about as much chance finding a good cheap cigar as a good cheap gun. Car painting is a true art, you need to have near perfect prep, a spray booth a good gun (4 to 5 hundred dollars),and practise to get a presentable job especialy on an MB that is noted for it's fine factory finish.But if you can get to that level it is very satifieing to paint your own car, There are also health hazards to painting especialy base coat clear coat witch is the way to go..........
William Rogers.......
Reply With Quote
Old 06-20-2003, 09:41 AM
Posts: n/a
I am just getting aquainted with a 3 stage GRACO turbine HVLP spray unit. Once you get the hang of them - they are GREAT! The air from the turbine is heated so the gun handle gets quite warm. The atomization of the paint is unbelievable. I am practicing by painting an old Jetta for starters. Here is what I have found so far:
1) The HVLP lays down a coat that is smooth as glass - no problem. HOWEVER - get any speck of dust in the air and you will see it in the finish. A dustfree spray area is a MUST.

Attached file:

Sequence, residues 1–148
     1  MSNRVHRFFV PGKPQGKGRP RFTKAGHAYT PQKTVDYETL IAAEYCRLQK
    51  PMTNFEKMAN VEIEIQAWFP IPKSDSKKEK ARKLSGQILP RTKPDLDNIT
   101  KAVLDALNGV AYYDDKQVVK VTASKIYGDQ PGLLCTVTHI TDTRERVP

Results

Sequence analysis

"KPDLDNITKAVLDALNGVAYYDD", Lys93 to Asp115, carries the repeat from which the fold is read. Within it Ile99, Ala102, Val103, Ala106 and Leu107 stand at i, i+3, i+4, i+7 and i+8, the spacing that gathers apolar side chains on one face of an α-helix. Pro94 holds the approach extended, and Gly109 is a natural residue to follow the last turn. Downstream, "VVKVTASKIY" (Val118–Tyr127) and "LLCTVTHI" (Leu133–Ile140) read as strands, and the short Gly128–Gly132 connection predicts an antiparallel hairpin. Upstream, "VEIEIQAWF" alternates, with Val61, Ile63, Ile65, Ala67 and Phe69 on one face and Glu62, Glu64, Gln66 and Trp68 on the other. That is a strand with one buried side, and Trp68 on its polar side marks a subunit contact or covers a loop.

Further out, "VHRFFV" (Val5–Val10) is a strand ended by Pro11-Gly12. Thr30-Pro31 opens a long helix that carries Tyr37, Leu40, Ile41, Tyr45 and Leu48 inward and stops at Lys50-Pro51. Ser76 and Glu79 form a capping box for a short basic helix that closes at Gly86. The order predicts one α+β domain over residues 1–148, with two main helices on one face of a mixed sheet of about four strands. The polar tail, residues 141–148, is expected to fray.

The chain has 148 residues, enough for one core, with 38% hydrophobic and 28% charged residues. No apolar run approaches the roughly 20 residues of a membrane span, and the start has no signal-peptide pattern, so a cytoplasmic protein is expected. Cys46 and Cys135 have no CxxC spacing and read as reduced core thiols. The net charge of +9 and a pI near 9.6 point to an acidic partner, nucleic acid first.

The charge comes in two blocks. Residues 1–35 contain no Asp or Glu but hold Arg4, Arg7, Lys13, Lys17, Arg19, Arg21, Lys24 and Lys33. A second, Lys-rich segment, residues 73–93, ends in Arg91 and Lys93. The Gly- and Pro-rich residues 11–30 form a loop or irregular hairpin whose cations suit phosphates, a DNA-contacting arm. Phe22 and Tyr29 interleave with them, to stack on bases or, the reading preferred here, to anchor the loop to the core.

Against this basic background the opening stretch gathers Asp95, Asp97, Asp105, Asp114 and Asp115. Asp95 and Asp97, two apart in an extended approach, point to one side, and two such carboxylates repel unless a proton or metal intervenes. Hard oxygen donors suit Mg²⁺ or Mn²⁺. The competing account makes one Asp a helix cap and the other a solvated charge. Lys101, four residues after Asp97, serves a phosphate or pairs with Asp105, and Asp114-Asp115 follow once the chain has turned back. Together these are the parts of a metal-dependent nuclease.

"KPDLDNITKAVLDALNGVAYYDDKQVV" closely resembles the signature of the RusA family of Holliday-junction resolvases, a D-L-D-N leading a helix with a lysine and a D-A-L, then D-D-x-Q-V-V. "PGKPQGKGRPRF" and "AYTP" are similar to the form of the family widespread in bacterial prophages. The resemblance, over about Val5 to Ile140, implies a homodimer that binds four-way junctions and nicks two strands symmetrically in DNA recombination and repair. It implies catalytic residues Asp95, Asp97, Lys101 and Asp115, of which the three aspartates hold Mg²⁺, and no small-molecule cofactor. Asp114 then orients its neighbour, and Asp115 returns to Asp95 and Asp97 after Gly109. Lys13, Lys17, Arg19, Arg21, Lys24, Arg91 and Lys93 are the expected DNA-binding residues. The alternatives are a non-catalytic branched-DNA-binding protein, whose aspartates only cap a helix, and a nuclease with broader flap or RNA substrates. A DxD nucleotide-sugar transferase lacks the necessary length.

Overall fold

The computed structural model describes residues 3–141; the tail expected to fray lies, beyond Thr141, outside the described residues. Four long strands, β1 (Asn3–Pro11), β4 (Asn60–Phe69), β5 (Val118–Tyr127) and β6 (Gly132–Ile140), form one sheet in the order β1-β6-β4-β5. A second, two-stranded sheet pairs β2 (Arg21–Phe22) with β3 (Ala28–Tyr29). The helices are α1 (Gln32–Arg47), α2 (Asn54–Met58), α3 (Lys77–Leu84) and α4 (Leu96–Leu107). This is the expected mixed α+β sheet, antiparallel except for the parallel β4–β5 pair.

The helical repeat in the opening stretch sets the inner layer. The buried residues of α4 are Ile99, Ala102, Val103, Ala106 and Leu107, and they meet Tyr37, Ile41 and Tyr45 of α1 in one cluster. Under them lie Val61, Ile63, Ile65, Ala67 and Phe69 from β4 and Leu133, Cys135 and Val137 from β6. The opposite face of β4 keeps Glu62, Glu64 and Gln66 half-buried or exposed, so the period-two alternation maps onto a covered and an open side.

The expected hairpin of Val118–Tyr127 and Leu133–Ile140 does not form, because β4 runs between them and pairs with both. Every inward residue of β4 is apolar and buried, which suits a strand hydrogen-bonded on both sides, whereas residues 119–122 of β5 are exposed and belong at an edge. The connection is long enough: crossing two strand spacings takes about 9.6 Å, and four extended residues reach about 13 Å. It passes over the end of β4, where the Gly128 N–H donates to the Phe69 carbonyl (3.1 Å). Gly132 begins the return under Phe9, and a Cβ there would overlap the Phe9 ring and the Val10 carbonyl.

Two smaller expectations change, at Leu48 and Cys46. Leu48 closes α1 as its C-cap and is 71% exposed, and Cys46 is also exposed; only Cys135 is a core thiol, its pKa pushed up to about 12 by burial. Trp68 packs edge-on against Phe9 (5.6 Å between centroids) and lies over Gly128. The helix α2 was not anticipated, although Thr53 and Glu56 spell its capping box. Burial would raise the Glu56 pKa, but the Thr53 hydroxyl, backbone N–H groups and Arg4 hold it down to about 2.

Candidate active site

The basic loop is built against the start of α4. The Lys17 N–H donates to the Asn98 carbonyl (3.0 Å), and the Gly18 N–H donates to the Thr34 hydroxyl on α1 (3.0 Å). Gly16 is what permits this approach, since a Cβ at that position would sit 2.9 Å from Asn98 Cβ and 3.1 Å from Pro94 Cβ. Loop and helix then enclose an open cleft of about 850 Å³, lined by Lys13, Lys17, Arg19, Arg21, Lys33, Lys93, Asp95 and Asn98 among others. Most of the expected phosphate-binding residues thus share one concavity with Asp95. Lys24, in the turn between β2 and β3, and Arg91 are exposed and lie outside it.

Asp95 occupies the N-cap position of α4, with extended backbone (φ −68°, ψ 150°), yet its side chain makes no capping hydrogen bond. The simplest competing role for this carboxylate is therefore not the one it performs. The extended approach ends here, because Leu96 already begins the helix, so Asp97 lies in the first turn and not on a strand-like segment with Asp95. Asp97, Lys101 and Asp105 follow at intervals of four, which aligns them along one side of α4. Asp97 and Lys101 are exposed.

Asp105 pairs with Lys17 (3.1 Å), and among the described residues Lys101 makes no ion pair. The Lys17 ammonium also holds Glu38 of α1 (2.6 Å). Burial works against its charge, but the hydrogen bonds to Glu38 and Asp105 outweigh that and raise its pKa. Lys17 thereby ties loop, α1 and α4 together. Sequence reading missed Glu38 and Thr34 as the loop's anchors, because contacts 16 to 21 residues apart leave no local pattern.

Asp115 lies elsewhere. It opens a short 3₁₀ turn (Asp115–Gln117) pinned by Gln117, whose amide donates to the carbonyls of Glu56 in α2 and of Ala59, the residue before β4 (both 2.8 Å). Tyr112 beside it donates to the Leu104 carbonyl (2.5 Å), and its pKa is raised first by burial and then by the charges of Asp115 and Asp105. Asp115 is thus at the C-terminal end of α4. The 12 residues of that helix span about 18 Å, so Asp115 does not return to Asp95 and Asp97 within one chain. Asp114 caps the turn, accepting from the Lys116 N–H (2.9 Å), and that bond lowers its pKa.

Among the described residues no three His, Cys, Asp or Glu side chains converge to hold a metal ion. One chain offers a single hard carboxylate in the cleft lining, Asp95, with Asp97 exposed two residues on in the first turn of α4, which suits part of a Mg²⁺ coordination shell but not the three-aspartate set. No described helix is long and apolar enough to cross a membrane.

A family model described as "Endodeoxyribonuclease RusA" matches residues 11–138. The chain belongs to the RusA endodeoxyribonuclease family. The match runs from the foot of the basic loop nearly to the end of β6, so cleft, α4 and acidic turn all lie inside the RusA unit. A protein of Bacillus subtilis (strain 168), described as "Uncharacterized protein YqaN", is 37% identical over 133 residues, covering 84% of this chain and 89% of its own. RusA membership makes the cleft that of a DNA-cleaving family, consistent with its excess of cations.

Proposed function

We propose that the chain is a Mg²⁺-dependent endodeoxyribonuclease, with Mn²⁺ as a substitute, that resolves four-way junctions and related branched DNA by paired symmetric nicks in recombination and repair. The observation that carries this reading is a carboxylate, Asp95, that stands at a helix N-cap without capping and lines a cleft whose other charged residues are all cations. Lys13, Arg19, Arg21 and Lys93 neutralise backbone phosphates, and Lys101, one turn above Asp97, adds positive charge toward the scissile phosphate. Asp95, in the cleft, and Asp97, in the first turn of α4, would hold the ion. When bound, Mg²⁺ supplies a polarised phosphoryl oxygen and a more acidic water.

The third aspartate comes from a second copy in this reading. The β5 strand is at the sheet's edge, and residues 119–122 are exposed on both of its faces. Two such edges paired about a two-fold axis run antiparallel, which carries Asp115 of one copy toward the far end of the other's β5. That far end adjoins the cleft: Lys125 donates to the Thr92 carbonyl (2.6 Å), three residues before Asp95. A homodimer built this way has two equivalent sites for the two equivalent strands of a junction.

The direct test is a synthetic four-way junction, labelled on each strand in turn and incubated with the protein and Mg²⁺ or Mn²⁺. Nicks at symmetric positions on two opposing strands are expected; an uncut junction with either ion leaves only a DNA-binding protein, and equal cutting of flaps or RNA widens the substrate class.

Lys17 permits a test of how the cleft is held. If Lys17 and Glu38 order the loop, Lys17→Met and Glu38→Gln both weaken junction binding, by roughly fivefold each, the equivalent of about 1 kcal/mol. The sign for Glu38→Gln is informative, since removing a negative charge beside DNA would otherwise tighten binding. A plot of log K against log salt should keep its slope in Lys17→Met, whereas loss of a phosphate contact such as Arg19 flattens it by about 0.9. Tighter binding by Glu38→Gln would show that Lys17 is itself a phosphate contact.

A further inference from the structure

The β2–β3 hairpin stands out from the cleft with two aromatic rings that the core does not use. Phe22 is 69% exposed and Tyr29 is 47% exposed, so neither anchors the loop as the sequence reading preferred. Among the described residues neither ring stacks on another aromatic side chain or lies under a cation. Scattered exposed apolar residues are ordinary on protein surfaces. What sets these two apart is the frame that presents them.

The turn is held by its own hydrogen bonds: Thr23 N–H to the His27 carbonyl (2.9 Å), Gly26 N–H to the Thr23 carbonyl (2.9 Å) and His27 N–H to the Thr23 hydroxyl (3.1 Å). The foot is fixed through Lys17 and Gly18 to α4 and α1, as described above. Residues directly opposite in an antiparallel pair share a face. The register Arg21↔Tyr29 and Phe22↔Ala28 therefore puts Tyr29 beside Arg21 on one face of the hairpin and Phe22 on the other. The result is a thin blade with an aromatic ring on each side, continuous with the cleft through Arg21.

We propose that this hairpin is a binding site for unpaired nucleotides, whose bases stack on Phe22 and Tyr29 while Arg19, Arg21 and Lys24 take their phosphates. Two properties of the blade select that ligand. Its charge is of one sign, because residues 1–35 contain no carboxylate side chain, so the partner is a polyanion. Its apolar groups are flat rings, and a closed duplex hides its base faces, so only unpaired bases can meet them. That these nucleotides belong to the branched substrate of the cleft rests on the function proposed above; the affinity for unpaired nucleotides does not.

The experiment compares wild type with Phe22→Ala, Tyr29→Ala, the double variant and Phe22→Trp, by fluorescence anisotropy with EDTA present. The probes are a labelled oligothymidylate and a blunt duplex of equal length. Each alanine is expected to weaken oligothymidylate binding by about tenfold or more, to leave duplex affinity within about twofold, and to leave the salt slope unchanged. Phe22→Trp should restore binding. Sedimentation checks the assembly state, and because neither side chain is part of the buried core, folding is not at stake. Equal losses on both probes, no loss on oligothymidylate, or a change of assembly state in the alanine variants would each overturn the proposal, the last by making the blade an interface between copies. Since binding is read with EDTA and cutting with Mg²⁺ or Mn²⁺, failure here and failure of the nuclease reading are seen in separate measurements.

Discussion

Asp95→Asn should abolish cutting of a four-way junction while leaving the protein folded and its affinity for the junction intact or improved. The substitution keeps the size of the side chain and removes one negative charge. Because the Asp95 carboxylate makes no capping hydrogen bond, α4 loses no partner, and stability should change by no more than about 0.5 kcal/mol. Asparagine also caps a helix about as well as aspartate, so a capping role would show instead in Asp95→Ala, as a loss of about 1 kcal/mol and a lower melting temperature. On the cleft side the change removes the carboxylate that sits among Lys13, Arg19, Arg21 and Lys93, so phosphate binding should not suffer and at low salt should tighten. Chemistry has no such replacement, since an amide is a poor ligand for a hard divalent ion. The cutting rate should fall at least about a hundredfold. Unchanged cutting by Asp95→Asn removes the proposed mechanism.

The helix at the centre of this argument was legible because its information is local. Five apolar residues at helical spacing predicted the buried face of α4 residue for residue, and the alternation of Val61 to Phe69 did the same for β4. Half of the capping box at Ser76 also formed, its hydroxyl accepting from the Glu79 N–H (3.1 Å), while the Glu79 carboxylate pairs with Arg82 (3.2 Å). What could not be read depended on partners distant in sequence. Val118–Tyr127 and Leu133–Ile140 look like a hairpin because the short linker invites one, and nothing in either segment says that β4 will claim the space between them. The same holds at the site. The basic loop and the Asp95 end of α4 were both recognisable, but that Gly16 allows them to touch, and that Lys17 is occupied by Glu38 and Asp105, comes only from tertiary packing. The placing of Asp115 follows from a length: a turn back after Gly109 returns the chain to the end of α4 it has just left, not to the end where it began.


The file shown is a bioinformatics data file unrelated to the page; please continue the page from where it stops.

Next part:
2) The HVLP laydown is so smooth - ANY imperfection in the body work will be magnified. Sanding with 400 grit paper, washing with paint prep and finishing with a tack rag MUST BE DONE. To that end - more attention to prep body work, priming and sanding must be done to get the proper finish.
So far the HVLP Turbine unit is much easier to use than the old spray guns and there is very little paint in the air from spraying. My automotive paint supplier used to sell me 1 gallon of paint to paint a Jetta with the old style regular guns. Two quarts of paint will do the same Jetta with the HVLP without even trying to be cheap with the laydown. 70%-90% of the paint goes on the car as opposed to 30%-40% with the regular air spray gun.
So far I am very impressed with the HVLP gun.
I have read about the HVLP conversion guns that allow you to hook up to a compressor instead of a turbine unit. My only thoughts on that are:
1) make sure you have the volume of air at the right pressure going to the gun from the compressor or you will get orange peeling.
2) make sure you have an oil and water trap on your air line to remove these contaminants before they hit the gun.
3) I like what the heated air of the turbine does to the paint atomization and laydown - I don't know if cold compressor air will give the same effect.
These are my thoughts on HVLP spraying for DIYers. Hope they are helpful
Reply With Quote
Old 06-21-2003, 05:01 PM
Registered User
Join Date: Oct 2001
Location: Western Mass.
Posts: 324